Violent Video Game Effects on Children and Adolescents: Theory, Research, and Public Policy
Violent video games are successfully marketed to and easily obtained by children and adolescents. Even the U.S. government distributes one such game, America's Army, through both the internet and its recruiting offices. Is there any scientific evidence to support the claims that violent games contribute to aggressive and violent behavior?
Anderson, Gentile, and Buckley first present an overview of empirical research on the effects of violent video games, and then add to this literature three new studies that fill the most important gaps. They update the traditional General Aggression Model to focus on both developmental processes and how media-violence exposure can increase the likelihood of aggressive and violent behavior in both short- and long-term contexts. Violent Video Game Effects on Children and Adolescents also reviews the history of these games' explosive growth, and explores the public policy options for controlling their distribution. Anderson et al. describe the reaction of the games industry to scientific findings that exposure to violent video games and other forms of media violence constitutes a significant risk factor for later aggressive and violent behavior. They argue that society should begin a more productive debate about whether to reduce the high rates of exposure to media violence, and delineate the public policy options that are likely be most effective.
As the first book to unite empirical research on and public policy options for violent video games, Violent Video Game Effects on Children and Adolescents will be an invaluable resource for student and professional researchers in social and developmental psychology and media studies.
The debate is over? Really?
By Chaz - June 13, 2008
I tend to suspect a bias when a researcher claims the debate is over. The authors of this book make this claim in their introduction: "Nevertheless, the scientific debate about whether exposure to media violence causes increases in aggressive behavior is over and should have been over 30 years ago."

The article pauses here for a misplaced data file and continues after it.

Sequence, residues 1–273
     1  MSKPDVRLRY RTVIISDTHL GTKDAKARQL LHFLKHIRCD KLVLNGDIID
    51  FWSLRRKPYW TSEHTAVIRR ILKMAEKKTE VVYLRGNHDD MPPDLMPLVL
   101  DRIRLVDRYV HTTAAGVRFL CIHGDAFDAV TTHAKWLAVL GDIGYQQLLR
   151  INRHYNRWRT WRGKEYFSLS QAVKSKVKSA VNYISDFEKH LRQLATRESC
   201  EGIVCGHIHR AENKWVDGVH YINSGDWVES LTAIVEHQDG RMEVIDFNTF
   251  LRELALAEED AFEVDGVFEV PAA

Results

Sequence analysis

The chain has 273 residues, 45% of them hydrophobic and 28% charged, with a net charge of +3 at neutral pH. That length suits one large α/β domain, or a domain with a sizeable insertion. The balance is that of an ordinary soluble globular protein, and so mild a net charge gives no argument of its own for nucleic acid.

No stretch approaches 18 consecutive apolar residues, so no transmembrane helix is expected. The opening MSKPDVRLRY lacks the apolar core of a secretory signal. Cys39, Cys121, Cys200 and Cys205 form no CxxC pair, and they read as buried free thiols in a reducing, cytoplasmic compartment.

After reading this book, one should also read "Grand Theft Childhood: The Surprising Truth About Violent Video Games and What Parents Can Do" by Lawrence Kutner and Cheryl Olson.
By A Customer - January 23, 2011
For the life of me, I cannot see why everybody is going so crazy about video game ratings all of a sudden. I am a casual game maker and an avid player, and almost everyone I ask is saying the same thing. parents should not need a book or "E" "E10+" etc. to be able to tell what their kids can play. I cant help but notice that there are no books that express the positives of gaming. It can help with problem solving, reflexes, or even creativity. All of these writers are unknowing adults who are taking random data to help them maintain a sense of athority, as if they actually know what they're talking about. People need to start to open up their eyes and see all the sides of the story.
Everyone's An Expert
By Andrew Raczkowski - May 23, 2007
It seems like everyone's an expert on this topic lately. And frankly, I, as both a gamer and a game developer, am sick of it. For every so-called study that concludes games and media are a direct influence on violent behavior, three more clinical studies conclude just the opposite. Read this book if you like, it's an interesting look at another person's view (I'm not using the word "opinion," since the authors try to remain fairly neutral while presenting as much material as possible). Quite a few studies are cited, although several of them were not in controlled environments.
The fact of the matter is, it's very difficult to rule one way or another. Violent behavior is a result of many factors; often genetics, parental attention, environmental stimulus, internal psychology and sometimes pathology, and an infinite number of other variables. The authors present this idea as well, and they do it better than some other politically minded "ban violent videgames" type... read more
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